A diversity of keypads work locally or through the networked access system as well as boast different looks to handle environments and corporate cultures.
Keypads for door access control were among the early mechanical and then electronic security devices with pushbuttons first driving a door bolt, much like a combination lock. Over the years, the devices have evolved into flexible electronic and computer-controlled keypads. Today, advances center on dual technologies that bring together an electronic keypad with a proximity card, smart card or biometrics function.

There are hundreds of thousands of installed keypads, even in the face of nifty card access control systems. There are four primary reasons for the continued popularity of keypads:

  • They are easy to use;

  • Some keypads can complement mechanical keys and keyways in a smooth transition;

  • The keypad approach can have cost advantages over card access systems; and

  • As end users seek higher level security, keypads easily integrate with scrambling of the keypad numbers, proximity and smart cards as well as a diversity of biometrics.

An example of a standalone keypad comes from SDC Security Door Controls of Westlake Village, Calif. The firm’s E70 - Stand-Alone Cylindrical Lockset comes in 64, 150, 300 and 512 user capabilities. Keypad or computer programmable, the E70 features a 1,600 event history, 150,000 cycle battery life, 9 management group levels, 90 user groups, unlimited time zones and 1,800 scheduled events. Programming and event history for 200 locksets is transferred between computer and lockset via a proprietary and secured infrared data transmission device.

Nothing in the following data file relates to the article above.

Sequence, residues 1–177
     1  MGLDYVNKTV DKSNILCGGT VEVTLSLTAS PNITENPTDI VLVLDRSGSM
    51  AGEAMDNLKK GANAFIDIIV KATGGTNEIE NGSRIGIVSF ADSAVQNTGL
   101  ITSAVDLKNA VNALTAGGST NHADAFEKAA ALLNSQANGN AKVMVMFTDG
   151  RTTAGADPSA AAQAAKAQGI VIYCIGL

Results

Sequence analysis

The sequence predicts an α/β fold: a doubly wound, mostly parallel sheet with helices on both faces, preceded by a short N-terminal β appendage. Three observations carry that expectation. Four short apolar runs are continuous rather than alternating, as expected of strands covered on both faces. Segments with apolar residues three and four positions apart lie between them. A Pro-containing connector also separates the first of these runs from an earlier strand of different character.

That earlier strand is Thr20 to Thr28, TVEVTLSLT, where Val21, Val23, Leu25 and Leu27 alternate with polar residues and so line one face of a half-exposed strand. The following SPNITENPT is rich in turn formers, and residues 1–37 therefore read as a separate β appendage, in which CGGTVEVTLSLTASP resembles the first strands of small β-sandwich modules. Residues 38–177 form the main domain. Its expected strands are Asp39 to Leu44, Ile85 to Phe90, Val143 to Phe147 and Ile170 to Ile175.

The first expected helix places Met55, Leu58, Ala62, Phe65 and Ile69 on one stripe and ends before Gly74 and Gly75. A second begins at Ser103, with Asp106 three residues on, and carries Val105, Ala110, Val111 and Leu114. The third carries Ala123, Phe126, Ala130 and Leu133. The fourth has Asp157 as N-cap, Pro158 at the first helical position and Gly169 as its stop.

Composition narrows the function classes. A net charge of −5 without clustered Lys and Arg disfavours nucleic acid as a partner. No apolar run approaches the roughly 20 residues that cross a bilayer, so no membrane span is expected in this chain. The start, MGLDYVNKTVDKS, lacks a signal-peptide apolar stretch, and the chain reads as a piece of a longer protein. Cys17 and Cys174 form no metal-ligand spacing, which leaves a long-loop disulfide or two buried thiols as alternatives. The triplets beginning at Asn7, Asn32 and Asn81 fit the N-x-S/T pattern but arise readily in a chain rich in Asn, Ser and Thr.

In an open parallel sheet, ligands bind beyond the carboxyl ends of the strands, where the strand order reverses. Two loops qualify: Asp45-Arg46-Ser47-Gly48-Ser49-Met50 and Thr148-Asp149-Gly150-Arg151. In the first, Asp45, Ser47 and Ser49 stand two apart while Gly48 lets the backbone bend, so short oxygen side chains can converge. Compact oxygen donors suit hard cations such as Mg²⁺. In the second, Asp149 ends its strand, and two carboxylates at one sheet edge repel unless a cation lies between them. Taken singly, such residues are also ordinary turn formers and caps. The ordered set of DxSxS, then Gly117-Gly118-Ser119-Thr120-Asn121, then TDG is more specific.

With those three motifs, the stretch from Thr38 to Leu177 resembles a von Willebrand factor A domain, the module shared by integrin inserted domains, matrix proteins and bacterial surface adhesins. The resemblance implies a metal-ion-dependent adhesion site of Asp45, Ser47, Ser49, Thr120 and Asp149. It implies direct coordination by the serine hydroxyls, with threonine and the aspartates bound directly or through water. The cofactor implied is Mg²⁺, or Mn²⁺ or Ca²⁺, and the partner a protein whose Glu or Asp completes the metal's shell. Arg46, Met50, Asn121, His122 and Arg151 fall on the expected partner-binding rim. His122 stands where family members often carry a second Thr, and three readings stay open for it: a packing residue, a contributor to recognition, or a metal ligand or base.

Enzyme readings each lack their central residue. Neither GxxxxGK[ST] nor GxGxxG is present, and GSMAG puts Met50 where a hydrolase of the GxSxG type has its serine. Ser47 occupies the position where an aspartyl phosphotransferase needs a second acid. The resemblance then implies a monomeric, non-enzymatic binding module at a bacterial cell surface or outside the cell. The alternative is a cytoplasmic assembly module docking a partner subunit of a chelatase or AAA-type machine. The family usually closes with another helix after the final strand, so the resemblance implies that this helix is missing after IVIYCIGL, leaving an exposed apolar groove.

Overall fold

The line of keypads from SDC shows the diversity of units, such as indoor and outdoor.

Branded by Securitron of Sparks, Nev., an ASSA ABLOY Group company, the SABL is a standalone battery lock that combines a keypad and keyway within a door handle.

In addition to its ScramblePad, Hirsch also offers ScrambleProx, a ScramblePad with a built-in proximity reader enabling a variety of card-plus-code applications, and ScrambleSmart, a ScramblePad with an integrated, hidden contactless smart card reader, for smart card applications.

Another firm, Branatec of Clifton, N.J., has caught attention with it rugged, versatile, good-looking units in the Everswitch line. With the success of its earlier Everswitch Prox, Barantec and HID of Irvine, Calif., then launched Everswitch iClass, a combination of Barantec’s virtually indestructible metal keypad with HID’s 13.56 MHz contactless smart card reader.

Keypads from Essex Electronics of Carpinteria, Calif., use what the firm calls a proprietary Billion Cycle Switch Technology. The piezoelectric pads outperform other keypads (membrane, conductive rubber, mechanical and even other piezoelectric keypads) in indoor, outdoor, harsh and high use applications, according to Essex. It’s Essex 12 Pad 3x4 mounts to a U.S. single gang switchbox. And the Essex Dual Technology Keypad/Proximity Reader, called the PiezoProx, includes an HID industry standard proximity reader.

DMP Digital Monitoring Products of Springfield, Mo., boasts a large line of keypads for both commercial and residential applications that primarily control zoned burglar and fire alarm systems. Playing its technology strength, DMP has what it calls ePAD, a virtual keypad that enables users to control and monitor security systems from any computer browser via the Internet. This revolutionary technology operates as any other DMP LCD keypad.

From HID, its own iClass RK40 reader and RWK400 reader/writer can come with a keypad. The PIN can be verified at the access control panel or locally if the PIN is programmed into the iClass card.